2. Put the oil and scallions into a large saucepan over medium heat. Once the scallions start to sizzle, lower the heat and cook slowly, stirring often, until tender, about 5 minutes. Stir in the garlic and cook for a few seconds. Stir in the chopped spinach and anchovies; cook for a minute or two. If using frozen spinach, cook a couple of minutes longer at this point.
3. Taste the spinach and season with salt and pepper. Stir in the parsley and paprika. Cool the filling.
4. While the filling is cooling, divide the dough into 80-gram pieces and shape each into a flat disk. Roll each piece of dough into an 8-inch disk and chill if you’re not going to assemble the empanadas immediately.
5. Arrange the disks of dough on the work surface and brush the edges with water. Divide the filling equally among the dough rounds, mounding it in the center of each one. Fold the dough over to make a fat half-moon-shaped pastry.
6. Press the edges of the pastry together with a fingertip, then fold and overlap the edge of the dough to seal the empanadas.
7. Chill the empanadas, loosely covered with plastic wrap, until you’re ready to bake them, up to 24 hours. When you’re ready to bake, set a rack in the lower third of the oven and preheat to 400°F.
8. Arrange the empanadas on a cookie sheet lined with parchment and brush them with the egg wash, making sure not to let puddles accumulate on or under the empanadas. Place the pan in the oven, lower the temperature to 375°F, and bake until deep golden, 20 to 25 minutes.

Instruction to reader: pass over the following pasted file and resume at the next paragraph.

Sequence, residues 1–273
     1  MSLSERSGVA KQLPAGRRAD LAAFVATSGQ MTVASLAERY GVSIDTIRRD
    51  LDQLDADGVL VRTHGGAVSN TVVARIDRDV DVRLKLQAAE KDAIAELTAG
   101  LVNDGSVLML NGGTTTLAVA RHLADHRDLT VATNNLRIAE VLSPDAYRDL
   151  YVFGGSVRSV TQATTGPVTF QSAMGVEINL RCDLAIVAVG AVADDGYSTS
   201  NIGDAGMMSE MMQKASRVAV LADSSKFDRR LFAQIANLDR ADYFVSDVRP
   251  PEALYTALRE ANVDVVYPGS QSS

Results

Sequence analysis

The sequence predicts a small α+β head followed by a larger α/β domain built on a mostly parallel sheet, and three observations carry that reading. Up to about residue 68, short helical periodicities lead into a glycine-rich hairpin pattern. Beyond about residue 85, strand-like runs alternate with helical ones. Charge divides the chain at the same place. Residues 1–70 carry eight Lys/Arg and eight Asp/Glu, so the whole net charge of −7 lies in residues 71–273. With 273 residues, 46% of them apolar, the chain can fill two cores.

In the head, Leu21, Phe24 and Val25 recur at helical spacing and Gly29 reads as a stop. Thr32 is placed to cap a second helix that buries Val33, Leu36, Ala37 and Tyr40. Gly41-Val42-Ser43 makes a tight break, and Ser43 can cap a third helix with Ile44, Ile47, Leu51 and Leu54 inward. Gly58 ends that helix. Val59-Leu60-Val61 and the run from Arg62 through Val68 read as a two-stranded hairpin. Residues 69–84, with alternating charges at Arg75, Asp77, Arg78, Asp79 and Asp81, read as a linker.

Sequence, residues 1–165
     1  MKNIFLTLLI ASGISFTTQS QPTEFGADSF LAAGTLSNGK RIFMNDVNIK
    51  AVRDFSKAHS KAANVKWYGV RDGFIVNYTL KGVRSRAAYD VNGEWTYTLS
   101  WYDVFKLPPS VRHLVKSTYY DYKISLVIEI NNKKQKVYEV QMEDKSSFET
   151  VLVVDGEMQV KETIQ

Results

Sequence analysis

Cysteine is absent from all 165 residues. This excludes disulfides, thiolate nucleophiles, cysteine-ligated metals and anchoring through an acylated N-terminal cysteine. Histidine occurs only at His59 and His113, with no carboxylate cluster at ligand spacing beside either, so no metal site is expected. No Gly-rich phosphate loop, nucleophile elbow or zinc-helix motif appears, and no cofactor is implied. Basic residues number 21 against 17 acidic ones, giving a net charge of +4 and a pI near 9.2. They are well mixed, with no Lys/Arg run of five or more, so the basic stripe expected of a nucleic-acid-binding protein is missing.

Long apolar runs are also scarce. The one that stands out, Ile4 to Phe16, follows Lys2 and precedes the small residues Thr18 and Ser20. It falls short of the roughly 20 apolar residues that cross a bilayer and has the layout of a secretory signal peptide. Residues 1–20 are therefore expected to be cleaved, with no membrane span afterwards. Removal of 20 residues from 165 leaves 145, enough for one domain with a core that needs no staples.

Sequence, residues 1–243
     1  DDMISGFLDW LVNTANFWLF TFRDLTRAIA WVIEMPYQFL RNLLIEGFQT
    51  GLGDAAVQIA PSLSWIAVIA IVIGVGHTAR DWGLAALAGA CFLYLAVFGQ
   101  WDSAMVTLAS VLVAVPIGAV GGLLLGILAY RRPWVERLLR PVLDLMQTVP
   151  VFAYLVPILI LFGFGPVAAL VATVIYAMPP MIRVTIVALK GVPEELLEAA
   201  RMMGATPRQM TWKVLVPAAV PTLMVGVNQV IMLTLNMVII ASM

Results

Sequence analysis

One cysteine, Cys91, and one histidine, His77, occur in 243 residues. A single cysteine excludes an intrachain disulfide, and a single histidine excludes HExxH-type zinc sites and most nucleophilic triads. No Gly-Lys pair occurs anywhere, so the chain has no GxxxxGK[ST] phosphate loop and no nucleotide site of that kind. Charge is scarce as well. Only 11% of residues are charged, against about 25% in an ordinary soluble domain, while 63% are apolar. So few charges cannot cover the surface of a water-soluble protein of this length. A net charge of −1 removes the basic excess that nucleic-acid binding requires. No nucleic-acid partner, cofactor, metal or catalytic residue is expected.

9. Cool the empanadas briefly on the pan on a rack and serve warm.
Sour Cream Dough
My dear late friend Sheri Portwood ran a Dallas catering business for years and was constantly trying to perfect her recipe for rugelach, which uses this dough. I’ve included recipes for rugelach in several other books, but I love this dough as the top of a deep-dish savory pie, a cobbler (especially when it’s cut into separate overlapping disks for the top crust), or for any top-crust-only pie. It’s flaky, extremely tender, and delicate, almost like puff pastry. A food processor does the best job of mixing this.
2 cups/270 grams unbleached all-purpose flour (spoon into dry-measure cup and level)
1/2 teaspoon fine sea salt
8 ounces/2 sticks/225 grams unsalted butter, chilled and cut into 20 pieces
2/3 cup/150 grams sour cream
1. Combine the flour and salt in the bowl of a food processor and pulse several times at 1-second intervals to mix.
2. Add the butter and pulse until it's finely mixed into the flour and no visible pieces remain.
3. Spread the sour cream all over on the top of the flour and butter mixture (rather than adding it all in one spot). Pulse 3 or 4 times; if the dough is already starting to form a ball, stop pulsing; if not, pulse a few more times but don’t overmix or the flaky quality of the dough will be lost.
4. Invert the dough onto a lightly floured work surface. Shape into a disk and wrap in plastic.
5. Chill the dough for 2 to 3 hours or overnight before using. Makes enough for the top crust of a large savory pie or sweet cobbler or 8 empanadas.
I am a member of the Amazon Affiliate Program.